Prior to clonal amplification step, you will need to determine how much of the whole DNA sequence will be sequenced. Non-targeted sequencing amplifies and sequences the entire DNA sample provided, and is useful in whole-genome sequencing. Targeted sequencing utilizes oligos, or primers, to sequence specific areas of interest. This allows for the targeted sequencing of desired regions and may generate a more manageable amount of data to analyze. The most popular methods of targeted sequencing are hybridization capture and amplicon sequencing. Both methods are conducted after DNA fragmentation to enrich fragments containing the sequences of interest.
Not all library preparation involves Polymerase Chain Reaction (PCR) for amplification, like long-read sequencing. There are prefabricated kits with adapters that are synchronized to oligo sequences for the flow cell, such as Illumina sequencing.
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Illumina sequencing platform uses sequencing by synthesis technology. At the end of clonal amplification, the reverse strands are washed off the flow cell, leaving only forward strands. A primer attaches to the forward strands’ adapter and a polymerase adds a fluorescently tagged dNTP** to the DNA strand. Only one base can be added per round due to the fluorophore containing a blocking group. Each of the four bases has a unique emission, and after each round the machine records the color signal emitting from the base added. Once the color is recorded the fluorophore is washed away, together with the blocking group, and another dNTP is added to growing chain, repeating the process.
Sequencing occurs simultaneously for millions of clusters creating a large amount of sequencing data. The data is analyzed by aligning overlapping reads to create continuous sequence stretches, called contigs. If a reference sequence is available, the contigs are compared to it for variant identification. However, contigs are relatively short and may be difficult to align, especially if there are many short tandem repeats or other repetitive sequences.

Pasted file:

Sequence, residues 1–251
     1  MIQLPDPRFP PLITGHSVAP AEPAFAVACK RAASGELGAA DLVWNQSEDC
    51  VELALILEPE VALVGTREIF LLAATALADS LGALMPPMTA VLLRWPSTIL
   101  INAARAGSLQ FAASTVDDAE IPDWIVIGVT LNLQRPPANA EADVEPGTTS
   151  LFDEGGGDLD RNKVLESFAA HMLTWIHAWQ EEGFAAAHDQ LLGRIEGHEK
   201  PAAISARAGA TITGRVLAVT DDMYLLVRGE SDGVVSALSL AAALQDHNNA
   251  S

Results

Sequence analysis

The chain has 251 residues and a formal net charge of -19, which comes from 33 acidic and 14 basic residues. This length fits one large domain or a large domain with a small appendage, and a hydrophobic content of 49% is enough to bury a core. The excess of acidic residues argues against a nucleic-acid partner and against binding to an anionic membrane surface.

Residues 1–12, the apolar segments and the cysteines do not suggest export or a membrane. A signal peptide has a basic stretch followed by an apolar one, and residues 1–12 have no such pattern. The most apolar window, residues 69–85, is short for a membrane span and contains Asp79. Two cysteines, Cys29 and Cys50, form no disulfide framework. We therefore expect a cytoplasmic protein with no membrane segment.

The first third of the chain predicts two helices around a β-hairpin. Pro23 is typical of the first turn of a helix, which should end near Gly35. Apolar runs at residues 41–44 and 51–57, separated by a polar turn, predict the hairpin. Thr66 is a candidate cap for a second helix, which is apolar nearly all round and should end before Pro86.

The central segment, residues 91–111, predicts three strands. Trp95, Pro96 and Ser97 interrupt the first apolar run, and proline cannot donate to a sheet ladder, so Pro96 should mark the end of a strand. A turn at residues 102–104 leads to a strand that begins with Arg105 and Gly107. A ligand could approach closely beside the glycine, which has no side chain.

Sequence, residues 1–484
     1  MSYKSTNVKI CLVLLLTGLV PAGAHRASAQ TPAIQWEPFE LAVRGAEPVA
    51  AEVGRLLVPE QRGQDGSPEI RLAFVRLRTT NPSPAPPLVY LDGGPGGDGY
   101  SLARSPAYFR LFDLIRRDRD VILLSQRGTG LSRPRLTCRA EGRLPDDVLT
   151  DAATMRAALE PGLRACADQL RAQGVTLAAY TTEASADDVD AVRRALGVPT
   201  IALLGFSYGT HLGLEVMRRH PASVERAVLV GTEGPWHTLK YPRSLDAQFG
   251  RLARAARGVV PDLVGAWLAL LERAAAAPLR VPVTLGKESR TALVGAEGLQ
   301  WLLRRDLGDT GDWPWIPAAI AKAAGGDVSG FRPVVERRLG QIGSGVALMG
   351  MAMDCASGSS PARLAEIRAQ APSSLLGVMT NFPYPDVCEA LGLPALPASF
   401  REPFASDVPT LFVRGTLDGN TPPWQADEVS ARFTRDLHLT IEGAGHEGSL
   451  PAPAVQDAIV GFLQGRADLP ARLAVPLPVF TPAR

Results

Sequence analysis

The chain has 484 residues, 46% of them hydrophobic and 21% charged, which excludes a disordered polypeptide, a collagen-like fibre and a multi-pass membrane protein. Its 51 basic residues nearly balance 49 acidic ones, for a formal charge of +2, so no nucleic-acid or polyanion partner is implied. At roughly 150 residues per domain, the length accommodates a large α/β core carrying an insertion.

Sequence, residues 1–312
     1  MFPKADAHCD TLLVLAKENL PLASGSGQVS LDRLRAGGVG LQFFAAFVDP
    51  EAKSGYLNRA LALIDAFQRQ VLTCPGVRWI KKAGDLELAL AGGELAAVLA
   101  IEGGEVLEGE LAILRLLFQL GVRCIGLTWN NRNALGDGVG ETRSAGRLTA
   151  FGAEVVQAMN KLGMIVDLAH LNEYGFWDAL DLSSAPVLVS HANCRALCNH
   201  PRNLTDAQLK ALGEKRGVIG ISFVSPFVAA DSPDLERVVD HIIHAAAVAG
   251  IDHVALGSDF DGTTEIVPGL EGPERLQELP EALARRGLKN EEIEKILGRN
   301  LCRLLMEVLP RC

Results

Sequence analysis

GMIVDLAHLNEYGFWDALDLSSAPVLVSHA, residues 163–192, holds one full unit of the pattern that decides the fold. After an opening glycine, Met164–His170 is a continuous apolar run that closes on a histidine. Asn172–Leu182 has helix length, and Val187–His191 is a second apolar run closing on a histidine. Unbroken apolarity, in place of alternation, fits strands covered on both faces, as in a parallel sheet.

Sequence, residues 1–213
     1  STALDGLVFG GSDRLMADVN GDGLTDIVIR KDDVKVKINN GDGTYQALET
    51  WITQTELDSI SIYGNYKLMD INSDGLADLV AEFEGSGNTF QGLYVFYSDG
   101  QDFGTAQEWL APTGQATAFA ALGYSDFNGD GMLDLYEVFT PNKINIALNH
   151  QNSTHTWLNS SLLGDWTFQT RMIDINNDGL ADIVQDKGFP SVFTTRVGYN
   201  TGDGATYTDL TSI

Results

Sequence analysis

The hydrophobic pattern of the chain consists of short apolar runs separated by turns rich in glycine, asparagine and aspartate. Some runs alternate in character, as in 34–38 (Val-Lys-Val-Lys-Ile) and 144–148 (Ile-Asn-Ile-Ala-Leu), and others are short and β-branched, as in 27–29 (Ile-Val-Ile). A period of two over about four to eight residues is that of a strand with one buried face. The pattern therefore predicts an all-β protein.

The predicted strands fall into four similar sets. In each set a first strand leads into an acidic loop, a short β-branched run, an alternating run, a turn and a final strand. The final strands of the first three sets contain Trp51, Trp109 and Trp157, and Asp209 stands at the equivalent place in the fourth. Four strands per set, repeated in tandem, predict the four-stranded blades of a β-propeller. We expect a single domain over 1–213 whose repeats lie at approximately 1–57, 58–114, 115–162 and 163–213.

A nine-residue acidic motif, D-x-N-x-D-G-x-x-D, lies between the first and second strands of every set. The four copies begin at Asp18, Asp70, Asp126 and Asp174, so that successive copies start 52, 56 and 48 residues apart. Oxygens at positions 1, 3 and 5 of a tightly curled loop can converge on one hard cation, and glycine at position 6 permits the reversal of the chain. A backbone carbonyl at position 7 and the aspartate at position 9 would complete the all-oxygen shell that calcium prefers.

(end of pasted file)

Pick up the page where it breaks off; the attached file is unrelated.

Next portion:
While Illumina sequencing is a common method of high-throughput sequencing, other sequencing methods exist and have their own pros and cons. Ion Torrent sequencing detects the release of hydrogen when a complementary dNTP pairs forms with the target DNA strand. This process is repeated with each dNTP to sequence each strand. This process is fast and low cost but has difficulty detecting long repeats of the same base (e.g. AAAAAAA) and produces shorter read lengths relative to other methods. Nanopore sequencing uses electrophoresis to transport an unknown sample through a nanopore. Sequencing occurs as the sample passes through because each base pair alters the density of the electric current flowing through the nanopore, which can be detected and analyzed by software. Nanopore sequencing can sequence small amounts of DNA with few reagents but tends to be highly error-prone.
**The function of Deoxynucleoside triphosphate (dNTP)s in PCR is to expand the growing DNA strand with the help of Taq DNA polymerase. It binds with the complementary DNA strand by hydrogen bonds. The PCR is an in vitro technique of DNA synthesis
1. Developing a primary culture
Primary culture refers to the cells that are isolated directly from the tissue of interest and proliferated until they reach confluence, or occupy all the available substrate. One method of acquiring cells for primary culture entails sampling from the tissue directly. Cells taken in this manner must be disaggregated using enzymatic or mechanical means before they are placed on the substrate.
After the primary culture reaches confluence, the cells have to be subcultured by transferring them to fresh growth medium. At this stage the cell culture is no longer considered primary and becomes secondary culture, or cell line. Cell lines derived from primary cultures are finite, which means they have a limited number of cell divisions that is a genetically determined. The loss of ability to proliferate is called senescence.